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Friday, April 21, 2017

"You Would Have Been Shocked at the Destruction" - The Aftermath of April 19th in Lexington


Last week, Historical Nerdery posted about the civilian evacuation of the Lexington area on April 19, 1775. Today, we'd like to share some accounts regarding the destruction of Lexington property by the British troops. 


In addition to suffering the highest casualty rate of the American forces for on that day, Lexington also suffered extensive property damage. Several homes were burned or destroyed and while others were looted. Andover minute man Thomas Boynton noted "after we came into Concord road we saw houses burning and others plundered and dead bodies of the enemy lying by the way, others taken prisoners."

Another Andover soldier, James Stevens, recalled "we went in to Lecentown. We went to the metinghous & there we come to the distraction of the Reegerlers thay cild eight of our men & shot a Canon Ball throug the metin hous. we went a long through Lecintown & we saw severel regerlers ded on the rod & som of our men & three or fore houses was Burnt & som hoses & hogs was cild thay plaindered in every hous thay could git in to thay stove in windows & broke in tops of desks."

According to the Reverend William Gordon, "you would have been shocked at the destruction which has been made by the Regulars, as they are miscalled, had you been present with me to have beheld it. Many houses were plundered of every thing valuable that could be taken away, and what could not be carried off was destroyed; looking-glasses, pots, pans, etc. were broke all to pieces; doors when not fastened, sashes and windows wantonly damaged and destroyed. The people say that the soldiers are worse than the Indians."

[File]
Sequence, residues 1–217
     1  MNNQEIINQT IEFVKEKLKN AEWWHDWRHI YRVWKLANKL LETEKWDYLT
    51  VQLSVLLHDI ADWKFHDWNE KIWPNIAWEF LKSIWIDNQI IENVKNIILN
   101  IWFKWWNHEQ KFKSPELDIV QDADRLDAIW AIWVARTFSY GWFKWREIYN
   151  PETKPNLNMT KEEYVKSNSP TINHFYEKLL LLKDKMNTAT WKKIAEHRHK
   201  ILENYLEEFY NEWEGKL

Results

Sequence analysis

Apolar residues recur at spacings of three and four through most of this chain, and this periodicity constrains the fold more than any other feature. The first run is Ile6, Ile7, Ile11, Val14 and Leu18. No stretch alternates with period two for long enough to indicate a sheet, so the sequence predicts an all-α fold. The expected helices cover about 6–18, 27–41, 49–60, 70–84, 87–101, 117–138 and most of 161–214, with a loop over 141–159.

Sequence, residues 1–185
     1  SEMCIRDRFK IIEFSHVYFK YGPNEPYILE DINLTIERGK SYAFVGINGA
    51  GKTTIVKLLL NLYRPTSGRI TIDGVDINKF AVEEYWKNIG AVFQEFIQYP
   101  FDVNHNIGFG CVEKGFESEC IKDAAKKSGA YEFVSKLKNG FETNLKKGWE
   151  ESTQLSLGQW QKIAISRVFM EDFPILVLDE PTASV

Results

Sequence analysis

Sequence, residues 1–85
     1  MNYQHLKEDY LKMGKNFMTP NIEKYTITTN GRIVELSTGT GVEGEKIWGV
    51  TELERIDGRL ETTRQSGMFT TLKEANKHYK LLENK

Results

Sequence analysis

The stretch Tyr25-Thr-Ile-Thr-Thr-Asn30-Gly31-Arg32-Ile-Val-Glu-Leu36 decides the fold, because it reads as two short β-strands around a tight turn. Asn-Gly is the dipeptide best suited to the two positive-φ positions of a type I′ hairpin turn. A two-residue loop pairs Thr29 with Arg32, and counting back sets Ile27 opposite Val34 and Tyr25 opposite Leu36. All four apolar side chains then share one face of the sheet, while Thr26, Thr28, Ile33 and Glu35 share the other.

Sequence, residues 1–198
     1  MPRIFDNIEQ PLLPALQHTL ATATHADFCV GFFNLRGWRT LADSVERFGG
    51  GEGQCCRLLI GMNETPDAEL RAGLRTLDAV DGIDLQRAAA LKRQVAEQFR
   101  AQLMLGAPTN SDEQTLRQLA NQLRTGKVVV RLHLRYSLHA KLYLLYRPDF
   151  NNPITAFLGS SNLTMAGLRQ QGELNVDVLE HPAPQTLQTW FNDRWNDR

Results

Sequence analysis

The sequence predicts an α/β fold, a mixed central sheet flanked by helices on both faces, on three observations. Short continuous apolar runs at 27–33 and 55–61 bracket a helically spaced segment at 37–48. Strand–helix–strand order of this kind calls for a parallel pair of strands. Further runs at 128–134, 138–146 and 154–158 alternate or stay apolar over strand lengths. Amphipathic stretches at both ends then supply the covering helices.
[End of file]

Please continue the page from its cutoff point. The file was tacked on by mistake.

Lydia Mulliken lost everything when her house and clock making shop were burned to the ground. The only surviving valuables were the silver that she had hidden in a stone wall behind her house. Lydia's daughter, Rebecca Mulliken, particularly mourned the loss of “a pocket which with great pride she had embroiders with crewels." The Loring family also lost everything, including all household furnishing and every stitch of linens and clothing. Fifer Jonathan Harrington's family lost “an eight-day clock, clothes, books, moose-skins and other articles.”

Upon returning home, some Lexington residents discovered their residences had also been vandalized and defiled. A "Mrs. Muzzy" discovered that British soldiers had broken her mirror, valuable crockery, fired bullets into the wall and left the floor smeared with blood. When Anna Munroe returned to her family tavern, she quickly noted that the retreating soldiers had eaten her freshly baked bread, broken into her supplies, and consumed all the alcohol in the shop. Her household linens were used as bandages for wounded soldiers. She also discovered the soldiers had piled up her furniture, including a mahogany table, and set it on fire in an attempt to burn the tavern down.

Pursuant to 18th Century law, the illegal breaking and entering into a home was a capital offense punishable by death. Thus, from Lexington's point of view, the plundering and burning of homes was not only highly offensive, it also served to fuel their anger even further.

In the aftermath of the Battles of Lexington and Concord, many Lexington residents started to compile a running list of lost, stolen or destroyed property. Ultimately, claims for compensation for property lost or destroyed were submitted to the Massachusetts Provincial Congress. Those petitions can be viewed here.  

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